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Plastic breakdown: Researchers discover faster, greener chemical method for upcycling waste

August 28, 2022
Chemical Value Chain

Researchers have discovered an improved method of upcycling used plastic waste into valuable products. A team from Pacific Northwest National Laboratory (PNNL), says their findings have produced a more cost-efficient, fast-acting catalyst for the breakdown of polymers into usable chemicals.

Presented to the American Chemical Society (ACS) yesterday and published in ACS Catalysis, the results are also being touted for their ability to reduce greenhouse gas (GHG) emissions, like methane, a typical byproduct of the conversion process in other methods.

“It was very interesting to us that there had been nothing previously published showing this result,” says postdoctoral research scientist Linxiao Chen, who presented the research at ACS. “This research shows the opportunity to develop effective, selective and versatile catalysts for plastic upcycling.”

Less is more
Petroleum-based plastic waste presents an untapped source of carbon-based chemicals that can serve to create useful materials and fuels. Very little plastic is currently recycled, mainly due to a lack of infrastructure and investment.

Adding hydrogen to difficult-to-recycle plastics like PP and PE, a reaction known as hydrogenolysis, is a strategy that converts plastic waste into small value-added hydrocarbons. This process requires efficient and selective catalysts to make it economically feasible.

“The key discovery we report is the very low metal load,” remarks PNNL chemist Janos Szanyi, who led the research team. “This makes the catalyst much cheaper.”

The study authors found that reducing the amount of the precious metal ruthenium actually improved the polymer upcycling efficiency and selectivity.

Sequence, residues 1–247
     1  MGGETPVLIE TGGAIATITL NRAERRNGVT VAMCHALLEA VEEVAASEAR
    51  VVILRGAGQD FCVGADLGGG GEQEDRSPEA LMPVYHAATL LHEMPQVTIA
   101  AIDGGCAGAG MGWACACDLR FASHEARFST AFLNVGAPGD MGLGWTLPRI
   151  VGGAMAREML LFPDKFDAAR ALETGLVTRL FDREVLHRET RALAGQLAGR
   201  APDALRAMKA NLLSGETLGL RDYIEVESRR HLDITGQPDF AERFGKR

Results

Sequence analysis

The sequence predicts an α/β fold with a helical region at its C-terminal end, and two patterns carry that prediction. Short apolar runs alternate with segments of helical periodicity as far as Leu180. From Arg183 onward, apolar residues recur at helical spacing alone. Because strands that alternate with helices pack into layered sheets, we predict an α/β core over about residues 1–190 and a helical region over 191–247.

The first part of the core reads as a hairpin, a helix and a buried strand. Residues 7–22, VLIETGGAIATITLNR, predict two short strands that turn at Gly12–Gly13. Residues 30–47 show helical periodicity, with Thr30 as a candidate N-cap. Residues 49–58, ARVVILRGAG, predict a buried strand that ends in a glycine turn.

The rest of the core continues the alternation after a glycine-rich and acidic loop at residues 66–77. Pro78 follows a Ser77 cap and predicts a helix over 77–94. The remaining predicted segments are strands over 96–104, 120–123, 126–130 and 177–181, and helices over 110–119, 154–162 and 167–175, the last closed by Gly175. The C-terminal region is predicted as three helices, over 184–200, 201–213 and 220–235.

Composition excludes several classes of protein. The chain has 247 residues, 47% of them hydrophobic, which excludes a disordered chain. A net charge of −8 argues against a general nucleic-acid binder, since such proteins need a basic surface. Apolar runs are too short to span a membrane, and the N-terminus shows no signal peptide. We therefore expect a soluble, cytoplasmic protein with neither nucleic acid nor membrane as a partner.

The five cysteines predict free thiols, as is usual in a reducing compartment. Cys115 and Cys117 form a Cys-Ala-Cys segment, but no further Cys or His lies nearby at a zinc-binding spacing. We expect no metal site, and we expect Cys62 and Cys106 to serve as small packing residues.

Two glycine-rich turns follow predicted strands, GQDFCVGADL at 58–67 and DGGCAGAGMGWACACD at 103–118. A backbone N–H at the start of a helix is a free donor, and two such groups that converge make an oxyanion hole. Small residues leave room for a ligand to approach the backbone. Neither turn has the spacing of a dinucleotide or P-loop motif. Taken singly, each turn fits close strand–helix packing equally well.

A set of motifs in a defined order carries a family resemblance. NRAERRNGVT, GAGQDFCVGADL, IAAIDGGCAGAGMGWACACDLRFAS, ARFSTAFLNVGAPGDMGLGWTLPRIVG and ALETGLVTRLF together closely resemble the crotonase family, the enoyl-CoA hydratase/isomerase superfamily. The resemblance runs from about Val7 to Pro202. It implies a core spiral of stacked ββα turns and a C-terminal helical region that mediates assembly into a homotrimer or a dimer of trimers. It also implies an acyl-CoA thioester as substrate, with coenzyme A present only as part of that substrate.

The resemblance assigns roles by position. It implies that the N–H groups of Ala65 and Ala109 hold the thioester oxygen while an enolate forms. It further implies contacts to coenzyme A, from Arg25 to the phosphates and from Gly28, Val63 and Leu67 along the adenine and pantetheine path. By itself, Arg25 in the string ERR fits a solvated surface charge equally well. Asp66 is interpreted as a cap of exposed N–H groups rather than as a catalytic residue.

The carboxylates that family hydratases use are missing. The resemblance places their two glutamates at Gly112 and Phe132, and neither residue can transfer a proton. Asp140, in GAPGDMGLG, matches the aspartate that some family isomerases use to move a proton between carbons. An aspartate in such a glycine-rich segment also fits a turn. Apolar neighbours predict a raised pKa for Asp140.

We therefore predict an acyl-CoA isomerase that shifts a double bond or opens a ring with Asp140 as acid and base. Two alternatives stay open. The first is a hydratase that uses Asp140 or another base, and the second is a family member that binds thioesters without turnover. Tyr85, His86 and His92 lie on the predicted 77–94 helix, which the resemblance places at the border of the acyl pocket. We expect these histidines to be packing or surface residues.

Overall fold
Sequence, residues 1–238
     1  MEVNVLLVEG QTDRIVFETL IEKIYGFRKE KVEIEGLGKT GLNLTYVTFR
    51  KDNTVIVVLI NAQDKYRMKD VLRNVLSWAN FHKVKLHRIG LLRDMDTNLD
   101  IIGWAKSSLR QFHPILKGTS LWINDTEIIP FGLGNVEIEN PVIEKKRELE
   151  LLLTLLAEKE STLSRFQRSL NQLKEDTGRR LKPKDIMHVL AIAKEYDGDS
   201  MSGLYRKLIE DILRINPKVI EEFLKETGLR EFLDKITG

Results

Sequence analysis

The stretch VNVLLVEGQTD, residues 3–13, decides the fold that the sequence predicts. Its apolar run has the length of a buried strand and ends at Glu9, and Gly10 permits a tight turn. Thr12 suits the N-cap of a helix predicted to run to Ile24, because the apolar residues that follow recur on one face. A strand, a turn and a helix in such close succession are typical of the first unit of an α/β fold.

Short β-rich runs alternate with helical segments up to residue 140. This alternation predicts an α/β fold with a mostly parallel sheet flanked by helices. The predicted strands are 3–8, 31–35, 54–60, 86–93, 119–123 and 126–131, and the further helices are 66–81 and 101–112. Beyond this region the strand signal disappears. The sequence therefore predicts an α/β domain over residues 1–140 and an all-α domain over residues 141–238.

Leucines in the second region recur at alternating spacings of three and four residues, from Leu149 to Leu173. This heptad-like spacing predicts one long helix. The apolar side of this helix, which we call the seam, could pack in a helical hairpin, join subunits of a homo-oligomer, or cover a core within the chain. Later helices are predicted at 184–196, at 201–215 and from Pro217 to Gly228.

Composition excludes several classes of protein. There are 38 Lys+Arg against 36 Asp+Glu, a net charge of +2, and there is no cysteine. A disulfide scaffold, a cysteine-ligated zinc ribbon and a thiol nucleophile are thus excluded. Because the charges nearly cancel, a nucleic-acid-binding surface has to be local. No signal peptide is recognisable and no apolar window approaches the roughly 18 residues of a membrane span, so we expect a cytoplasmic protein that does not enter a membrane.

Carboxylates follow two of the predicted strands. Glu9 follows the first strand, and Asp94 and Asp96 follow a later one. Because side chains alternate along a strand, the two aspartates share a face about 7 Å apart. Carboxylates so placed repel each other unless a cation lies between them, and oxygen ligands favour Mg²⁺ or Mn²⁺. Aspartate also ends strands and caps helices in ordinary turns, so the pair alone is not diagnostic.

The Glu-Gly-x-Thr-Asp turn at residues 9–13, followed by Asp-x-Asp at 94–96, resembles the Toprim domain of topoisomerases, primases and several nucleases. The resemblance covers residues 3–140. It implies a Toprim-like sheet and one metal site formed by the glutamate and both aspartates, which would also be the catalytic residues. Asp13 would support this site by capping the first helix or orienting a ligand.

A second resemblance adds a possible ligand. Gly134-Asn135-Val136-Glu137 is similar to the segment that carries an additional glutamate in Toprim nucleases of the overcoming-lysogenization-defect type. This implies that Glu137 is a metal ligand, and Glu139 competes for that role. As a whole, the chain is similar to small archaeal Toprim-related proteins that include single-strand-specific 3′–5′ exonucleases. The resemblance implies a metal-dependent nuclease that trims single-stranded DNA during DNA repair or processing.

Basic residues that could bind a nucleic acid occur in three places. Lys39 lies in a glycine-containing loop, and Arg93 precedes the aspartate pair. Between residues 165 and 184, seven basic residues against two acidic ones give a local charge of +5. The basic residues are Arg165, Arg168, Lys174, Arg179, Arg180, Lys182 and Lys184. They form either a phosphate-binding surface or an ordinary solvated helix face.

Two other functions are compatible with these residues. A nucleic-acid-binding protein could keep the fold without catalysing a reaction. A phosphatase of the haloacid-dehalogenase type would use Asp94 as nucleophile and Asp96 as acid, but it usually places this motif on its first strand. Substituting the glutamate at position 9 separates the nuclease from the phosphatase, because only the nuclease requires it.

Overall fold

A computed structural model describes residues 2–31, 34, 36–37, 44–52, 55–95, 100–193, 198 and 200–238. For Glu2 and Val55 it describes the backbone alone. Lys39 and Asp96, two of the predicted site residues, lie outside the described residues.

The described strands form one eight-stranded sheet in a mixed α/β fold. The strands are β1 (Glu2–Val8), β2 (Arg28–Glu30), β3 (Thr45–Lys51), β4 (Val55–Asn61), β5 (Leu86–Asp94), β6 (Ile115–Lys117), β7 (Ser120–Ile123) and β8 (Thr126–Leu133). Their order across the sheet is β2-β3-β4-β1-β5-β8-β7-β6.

Their findings show that the improvement in efficiency happened because the low ratio of metal to support structure caused the structure to shift from an orderly array of particles to disordered rafts of atoms.

Trapping atoms
The researchers observed the transition to disorder on the molecular level and then used established theory to show that single atoms are actually more effective catalysts in this experimental work.

“There has been a lot of effort from a material perspective to try to understand how single atoms or very small clusters can make effective catalysts,” says chemist Oliver Gutiérrez, an expert in industrial applications for catalysis.

At ACS, Chen also described new work that explores the support material’s role in improving the system’s efficiency.

“We have investigated cheaper and more easily available support materials to replace cerium oxide,” said Chen. “We found that a chemically modified titanium oxide may enable a more effective and selective pathway for polypropylene upcycling.”

Tolerating chlorine
To make the method practical for use with mixed plastic recycling streams, the research team is now exploring how chlorine’s presence affects the chemical conversion efficiency.

“We are looking into more demanding extraction conditions,” said chemist Oliver Y. Gutiérrez, an expert in industrial applications for catalysis.

“When you don’t have a clear plastic source, in an industrial upcycling process, you have chlorine from polyvinylchloride and other sources. Chlorine can contaminate the plastic upcycling reaction. We want to understand what effect chlorine has on our system.”

That fundamental understanding may help convert waste plastic that usually ends up as environmental pollution into useful products.

By Louis Gore-Langton


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